Joe Medley: Malzahn's hire solves short-term problem, but Auburn has many issues
by Joe Medley
Dec 05, 2012 | 6425 views |  0 comments | 12 12 recommendations | email to a friend | print
Newly hired Auburn head coach Gus Malzahn speaks during an news conference Tuesday in Auburn. Malzahn received a five-year contract worth $2.3 million annually to try to get the team back on solid footing. (AP Photo/Todd J. Van Emst)
Newly hired Auburn head coach Gus Malzahn speaks during an news conference Tuesday in Auburn. Malzahn received a five-year contract worth $2.3 million annually to try to get the team back on solid footing. (AP Photo/Todd J. Van Emst)
AUBURN —In light of Auburn’s hiring of Gus Malzahn, it’s time to revisit that old Pat Dye tale. It’s more relevant now than ever.

As the story goes, Dye encountered Bear Bryant before their first Iron Bowl clash and told Bryant, “I’m not scared of you.” Bryant said come again, and Dye modulated to his ex-boss.

“I might not beat you,” he said, “but I’ll beat all of those pups that come after you.”

Auburn athletics director Jay Jacobs and his search committee of Bo Jackson, Pat Sullivan and Mac Crawford needed to think long term in hiring a football coach. Malzahn looks more like a Band-Aid for one, short-term problem.

His spread system does fit the players Auburn recruited to it, back when he was offensive coordinator there.

Many of those players, including now-confidence-shattered quarterback Kiehl Frazier, are still around. Malzahn’s one year as Arkansas State’s head coach didn’t change that.

The problem is, Malzahn’s one year away saw Auburn’s program complete the meltdown that started during his last year as offensive coordinator. It wasn’t his fault, but it’s hard to see how his offense alone can overcome the myriad issues he inherits as Auburn’s head coach.

Those issues are why Auburn had to resist the quick-fix urge and hire with long-term, comprehensive rebuilding in mind. If Malzahn is to fix all problems, then he’ll need to call on strengths he didn’t have time or a need to show in one year as a college head coach, over a Sun Belt Conference program that was already winning.

He has to recruit to rebuild a roster missing 35 out of 104 players signed over four years under Malzhan’s former boss, Gene Chizik.

Malzahn also must restore an accountability culture, the absence of which showed on the field during Auburn’s worst season in 60 years and off the field with a string of arrests and disciplinary matters.

And to have any chance to consistently compete for SEC and national titles, the Tigers must restore the quality defense they played during most of Tommy Tuberville’s 10-year run as head coach from 1999-2008.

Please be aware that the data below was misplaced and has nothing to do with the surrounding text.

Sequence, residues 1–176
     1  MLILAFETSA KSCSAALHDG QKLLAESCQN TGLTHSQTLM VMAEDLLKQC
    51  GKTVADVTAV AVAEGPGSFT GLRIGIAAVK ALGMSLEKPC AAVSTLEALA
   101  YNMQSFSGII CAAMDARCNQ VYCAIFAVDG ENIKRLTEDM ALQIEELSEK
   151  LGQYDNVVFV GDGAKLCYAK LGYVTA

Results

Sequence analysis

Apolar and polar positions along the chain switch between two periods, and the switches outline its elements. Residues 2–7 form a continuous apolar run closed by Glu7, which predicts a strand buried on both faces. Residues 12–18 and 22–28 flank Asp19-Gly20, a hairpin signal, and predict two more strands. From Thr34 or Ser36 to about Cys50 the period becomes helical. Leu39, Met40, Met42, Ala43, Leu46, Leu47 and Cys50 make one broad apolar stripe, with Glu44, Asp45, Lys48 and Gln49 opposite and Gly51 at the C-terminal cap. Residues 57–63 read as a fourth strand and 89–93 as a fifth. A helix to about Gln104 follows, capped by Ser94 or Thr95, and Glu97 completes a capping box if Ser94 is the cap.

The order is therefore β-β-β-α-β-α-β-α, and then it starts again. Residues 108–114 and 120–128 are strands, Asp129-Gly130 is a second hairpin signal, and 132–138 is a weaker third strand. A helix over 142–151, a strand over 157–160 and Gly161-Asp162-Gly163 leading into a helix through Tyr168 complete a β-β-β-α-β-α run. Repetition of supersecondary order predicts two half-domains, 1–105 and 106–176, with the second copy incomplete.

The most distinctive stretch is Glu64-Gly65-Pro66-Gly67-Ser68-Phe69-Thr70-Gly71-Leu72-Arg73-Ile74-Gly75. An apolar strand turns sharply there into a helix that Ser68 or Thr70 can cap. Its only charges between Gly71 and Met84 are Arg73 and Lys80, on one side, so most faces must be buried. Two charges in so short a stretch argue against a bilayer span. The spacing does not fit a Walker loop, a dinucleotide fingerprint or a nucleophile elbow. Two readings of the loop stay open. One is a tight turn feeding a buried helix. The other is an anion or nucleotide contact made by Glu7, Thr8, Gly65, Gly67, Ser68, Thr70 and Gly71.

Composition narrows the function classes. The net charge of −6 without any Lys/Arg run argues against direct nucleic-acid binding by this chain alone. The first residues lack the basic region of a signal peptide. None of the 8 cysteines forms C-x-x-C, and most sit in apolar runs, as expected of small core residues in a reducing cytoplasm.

Malzahn is an offensive guy, so Auburn might want to cough up the $1.3 million a year it paid to keep him around after the 2010 season, only this time for a home-run defensive coordinator.

Auburn had a chance to hire a defensive mind who has worked eight years in three stops under the ultimate program rebuilder. The school reportedly interviewed Alabama defensive coordinator and Nick Saban protégé Kirby Smart on Monday.

Speculation about Smart’s involvement in the search started an Internet meltdown among fans of Auburn’s biggest rival. Alabama fans expressed relief at Auburn’s hiring of Malzahn, who has just one year as a college head coach and four as an SEC coordinator (including one year at Arkansas).

Malzahn, who saw Auburn go 1-2 against Alabama during his stay as offensive coordinator, interviewed Sunday and was hired Tuesday.

Time will tell whether he can solve more than matching an offensive system with the current players, who clearly suffered from Auburn’s inexplicable, pro-style switch in 2012. The Tigers finished 115th nationally in total offense and 112th in scoring offense.

Malzahn, speaking during his introductory news conference Tuesday night, promised a return to a fast-paced, run-first offense with play-action passing. It’s the same system Frazier, Auburn’s starting quarterback for the first half of the 2012 season, ran in high school. Same for Jonathan Wallace, who finished the season as Auburn’s starter.

Arkansas State finished the 2012 regular season in the top 25 nationally in nearly every offensive category — 17th in total offense and 21st in scoring and rushing offense. Quarterback Ryan Aplin helped the Red Wolves finish 13th in passing efficiency.

At Auburn, Malzahn’s system helped quarterback Chris Todd set a single-season school record for touchdown passes in 2009, and Cam Newton won the Heisman Trophy in 2010.

Beyond offense, Malzahn also promised an “attacking” defense with multiple fronts, calling the idea of a single front antiquated in an era of spread offenses like his.

Showing sensitivity to Auburn’s other issues, he talked about recruiting and restoring a winning internal culture. Jacobs said Malzahn presented a comprehensive program plan to the search committee.

With all committee members standing in front of the room during Tuesday’s news conference, Auburn president Jay Gogue, Jacobs and Sullivan went to pains to say that the search committee’s recommendation was unanimous. That was a signal to outspoken factions within the Auburn fan base that wanted Smart or Bobby Petrino.

Jacobs rightly called for patience, saying Auburn won’t go from winning three games to playing championship football again quickly, but will Auburn’s factions be “all in” without immediate results?

With a growing sense that Jacobs’ job hangs on this hire, is there such a thing as patience at a school that just fired his last hire two years removed from a national title?

Malzahn had better be up to the plan he showed the committee. If it’s as comprehensive as Auburn needs, it will require more than his limited record as a college head coach shows.

Sports Columnist Joe Medley: 256-235-3576. On Twitter @jmedley_star.

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